Bowl barrow 600m W of Starved Oak Cross

Overview

Heritage Category: Scheduled Monument

List Entry Number: 1010646

Date first listed: 16-Feb-1953

Date of most recent amendment: 02-Oct-1991

Map

Ordnance survey map of Bowl barrow 600m W of Starved Oak Cross
© Crown Copyright and database right 2018. All rights reserved. Ordnance Survey Licence number 100024900.
© British Crown and SeaZone Solutions Limited 2018. All rights reserved. Licence number 102006.006.
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Location

The building or site itself may lie within the boundary of more than one authority.

County: Devon

District: East Devon (District Authority)

Parish: Upton Pyne

National Grid Reference: SX 90680 98897

Summary

Legacy Record - This information may be included in the List Entry Details.

Reasons for Designation

Bowl barrows, the most numerous form of round barrow, are funerary monuments dating from the Late Neolithic period to the Late Bronze Age, with most examples belonging to the period 2400-1500 BC. They were constructed as earthen or rubble mounds, sometimes ditched, which covered single or multiple burials. They occur either in isolation or grouped as cemeteries and often acted as a focus for burials in later periods. Often superficially similar, although differing widely in size, they exhibit regional variations in form and a diversity of burial practices. There are over 10,000 surviving bowl barrows recorded nationally (many more have already been destroyed), occurring across most of lowland Britain. Often occupying prominent locations, they are a major historic element in the modern landscape and their considerable variation of form and longevity as a monument type provide important information on the diversity of beliefs and social organisations amongst early prehistoric communities. They are particularly representative of their period and a substantial proportion of surviving examples are considered worthy of protection.

This bowl barrow has survived without any previous disturbance and presents one of the best-preserved barrow profiles among the Upton Pyne barrow group, whose unusual low-lying position, good overall preservation, and quality of dating, constructional and artefactual information have all resulted in its frequent mention in national reviews of Bronze Age funerary monuments.

History

Legacy Record - This information may be included in the List Entry Details.

Details

The monument is a bowl barrow surviving as an earthen mound, 35m in diameter and 1m high, in a ploughed arable field. There is no visible or recorded evidence that it has ever been excavated. It stands at the S edge of the field, abutting and slightly truncated by the roadside hedge and verge crossing its S periphery. This barrow is the westernmost of a line of four well-spaced barrows sited on a low broad ridge overlooking a shallow valley at the centre of the area covered by the Upton Pyne barrow group. This group comprises over thirty recorded barrows dispersed about a low-lying alluvial basin north of the confluences of the River Exe with the Rivers Culm and Creedy. Within the overall group, barrows occur both as isolated examples and forming localised clusters. Grave goods and a radiocarbon date derived from the few partly-excavated barrows in the group indicate burials during the early and middle Bronze Age (around 2000 - 1000 BC). All of the upstanding barrows in this group present the appearance of unditched bowl barrows, the absence of ditches being supported by air photographic evidence and confirmed for all examples that have been excavated. The hedge crossing the S side of the barrow is excluded from the scheduling but the land beneath it, including the grassed verge, is included.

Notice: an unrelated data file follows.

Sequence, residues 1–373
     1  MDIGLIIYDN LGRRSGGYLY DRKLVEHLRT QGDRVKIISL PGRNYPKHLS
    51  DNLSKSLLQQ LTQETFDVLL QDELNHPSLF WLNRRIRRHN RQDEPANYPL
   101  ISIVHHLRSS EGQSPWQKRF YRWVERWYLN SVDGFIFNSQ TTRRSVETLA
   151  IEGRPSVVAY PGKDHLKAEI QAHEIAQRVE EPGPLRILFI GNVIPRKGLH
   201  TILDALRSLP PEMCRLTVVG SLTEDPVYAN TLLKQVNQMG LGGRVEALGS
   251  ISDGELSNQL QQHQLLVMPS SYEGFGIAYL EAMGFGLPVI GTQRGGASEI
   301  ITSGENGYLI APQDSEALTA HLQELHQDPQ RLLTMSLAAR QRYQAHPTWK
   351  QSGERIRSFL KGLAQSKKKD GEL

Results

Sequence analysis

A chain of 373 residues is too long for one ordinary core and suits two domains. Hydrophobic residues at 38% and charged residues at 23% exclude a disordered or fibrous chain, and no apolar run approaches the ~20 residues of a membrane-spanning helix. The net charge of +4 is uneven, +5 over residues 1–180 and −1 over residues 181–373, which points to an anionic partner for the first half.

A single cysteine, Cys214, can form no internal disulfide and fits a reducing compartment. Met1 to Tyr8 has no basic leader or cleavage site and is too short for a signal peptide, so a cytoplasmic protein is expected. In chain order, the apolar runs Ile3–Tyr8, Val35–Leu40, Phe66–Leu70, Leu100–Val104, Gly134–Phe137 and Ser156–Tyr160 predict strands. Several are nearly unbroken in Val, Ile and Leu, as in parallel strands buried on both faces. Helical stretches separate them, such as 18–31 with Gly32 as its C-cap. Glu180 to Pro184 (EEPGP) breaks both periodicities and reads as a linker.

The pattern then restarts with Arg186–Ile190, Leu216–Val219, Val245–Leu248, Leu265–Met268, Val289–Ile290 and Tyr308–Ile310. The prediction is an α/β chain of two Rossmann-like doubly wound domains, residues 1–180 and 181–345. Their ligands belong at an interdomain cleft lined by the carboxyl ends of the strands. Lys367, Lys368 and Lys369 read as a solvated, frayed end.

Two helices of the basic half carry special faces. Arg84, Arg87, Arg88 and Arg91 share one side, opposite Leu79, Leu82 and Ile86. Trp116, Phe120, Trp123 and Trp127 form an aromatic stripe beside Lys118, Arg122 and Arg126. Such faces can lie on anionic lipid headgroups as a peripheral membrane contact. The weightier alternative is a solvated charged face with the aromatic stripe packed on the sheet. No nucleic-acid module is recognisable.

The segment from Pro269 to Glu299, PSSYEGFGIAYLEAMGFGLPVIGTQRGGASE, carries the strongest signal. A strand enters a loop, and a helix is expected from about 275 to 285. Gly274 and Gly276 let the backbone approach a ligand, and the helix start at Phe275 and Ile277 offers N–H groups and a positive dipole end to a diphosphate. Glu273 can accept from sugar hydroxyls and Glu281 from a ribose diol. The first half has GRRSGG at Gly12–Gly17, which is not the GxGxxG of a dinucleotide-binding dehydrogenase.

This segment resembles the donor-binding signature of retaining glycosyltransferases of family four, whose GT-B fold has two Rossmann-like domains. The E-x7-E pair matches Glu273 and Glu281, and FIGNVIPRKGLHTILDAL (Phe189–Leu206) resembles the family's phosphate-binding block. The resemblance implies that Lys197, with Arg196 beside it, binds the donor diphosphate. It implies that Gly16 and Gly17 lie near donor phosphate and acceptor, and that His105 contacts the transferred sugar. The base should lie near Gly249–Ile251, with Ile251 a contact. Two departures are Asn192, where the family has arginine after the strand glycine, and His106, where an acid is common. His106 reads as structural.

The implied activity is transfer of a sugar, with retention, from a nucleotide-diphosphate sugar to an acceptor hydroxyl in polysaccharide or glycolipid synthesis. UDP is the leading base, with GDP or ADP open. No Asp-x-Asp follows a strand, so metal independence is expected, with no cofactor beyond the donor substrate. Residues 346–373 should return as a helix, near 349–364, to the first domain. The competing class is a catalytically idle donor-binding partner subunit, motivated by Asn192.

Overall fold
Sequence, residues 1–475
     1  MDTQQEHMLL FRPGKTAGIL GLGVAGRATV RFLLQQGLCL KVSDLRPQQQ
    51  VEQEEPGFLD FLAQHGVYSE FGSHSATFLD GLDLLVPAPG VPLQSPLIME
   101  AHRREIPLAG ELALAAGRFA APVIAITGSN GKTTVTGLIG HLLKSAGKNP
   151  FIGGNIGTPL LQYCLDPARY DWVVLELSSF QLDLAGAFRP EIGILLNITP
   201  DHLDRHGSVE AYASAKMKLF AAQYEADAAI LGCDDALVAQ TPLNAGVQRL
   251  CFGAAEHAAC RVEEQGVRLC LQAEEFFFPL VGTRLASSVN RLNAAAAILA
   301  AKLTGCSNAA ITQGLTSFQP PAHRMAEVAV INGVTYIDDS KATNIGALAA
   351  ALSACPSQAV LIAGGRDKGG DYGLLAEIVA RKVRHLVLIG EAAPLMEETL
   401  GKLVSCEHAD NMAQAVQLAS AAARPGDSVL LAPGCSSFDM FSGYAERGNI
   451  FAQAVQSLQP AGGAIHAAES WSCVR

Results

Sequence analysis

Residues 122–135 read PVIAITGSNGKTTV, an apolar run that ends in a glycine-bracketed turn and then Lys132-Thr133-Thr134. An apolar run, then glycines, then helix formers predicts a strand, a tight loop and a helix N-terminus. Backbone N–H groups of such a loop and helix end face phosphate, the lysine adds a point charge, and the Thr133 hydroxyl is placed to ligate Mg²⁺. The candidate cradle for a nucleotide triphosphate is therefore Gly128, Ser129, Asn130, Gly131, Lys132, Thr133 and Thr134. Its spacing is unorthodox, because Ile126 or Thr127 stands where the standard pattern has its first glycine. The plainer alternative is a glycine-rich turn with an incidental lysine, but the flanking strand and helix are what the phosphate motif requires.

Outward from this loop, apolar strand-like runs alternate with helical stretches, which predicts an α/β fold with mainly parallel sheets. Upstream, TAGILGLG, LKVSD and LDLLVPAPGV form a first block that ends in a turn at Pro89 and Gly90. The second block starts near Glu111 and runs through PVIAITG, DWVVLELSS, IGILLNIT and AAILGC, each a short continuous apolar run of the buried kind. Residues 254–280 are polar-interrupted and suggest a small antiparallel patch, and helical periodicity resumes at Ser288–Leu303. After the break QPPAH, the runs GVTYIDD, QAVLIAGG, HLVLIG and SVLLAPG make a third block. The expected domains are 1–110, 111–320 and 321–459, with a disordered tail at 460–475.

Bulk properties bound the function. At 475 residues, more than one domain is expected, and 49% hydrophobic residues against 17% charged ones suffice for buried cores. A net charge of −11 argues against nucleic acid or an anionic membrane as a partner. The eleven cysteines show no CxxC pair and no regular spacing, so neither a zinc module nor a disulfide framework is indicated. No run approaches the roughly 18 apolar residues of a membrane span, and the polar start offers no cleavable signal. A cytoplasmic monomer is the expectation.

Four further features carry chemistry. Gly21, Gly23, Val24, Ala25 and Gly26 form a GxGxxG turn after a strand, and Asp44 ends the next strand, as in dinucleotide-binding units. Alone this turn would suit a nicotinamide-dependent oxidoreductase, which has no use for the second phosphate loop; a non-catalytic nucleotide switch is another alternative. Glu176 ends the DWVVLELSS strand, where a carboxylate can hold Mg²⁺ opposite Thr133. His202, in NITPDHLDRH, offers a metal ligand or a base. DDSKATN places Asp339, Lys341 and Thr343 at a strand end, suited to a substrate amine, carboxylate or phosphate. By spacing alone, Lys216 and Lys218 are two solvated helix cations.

MAP EXTRACT The site of the monument is shown on the attached map extract. It includes a 2 metre boundary around the archaeological features, considered to be essential for the monument's support and preservation.

Legacy

The contents of this record have been generated from a legacy data system.

Legacy System number: 15027

Legacy System: RSM

Sources

Books and journals
Todd, M, The South-West to A.D. 1000, (1987), 148-150
Other
Devon SMR entries for SX 99 NW-119 and -120,
Devon SMR entry for SX 99 NW-021, -026, -027 and -052,
Fox, A., South-West England, (1964)

End of official listing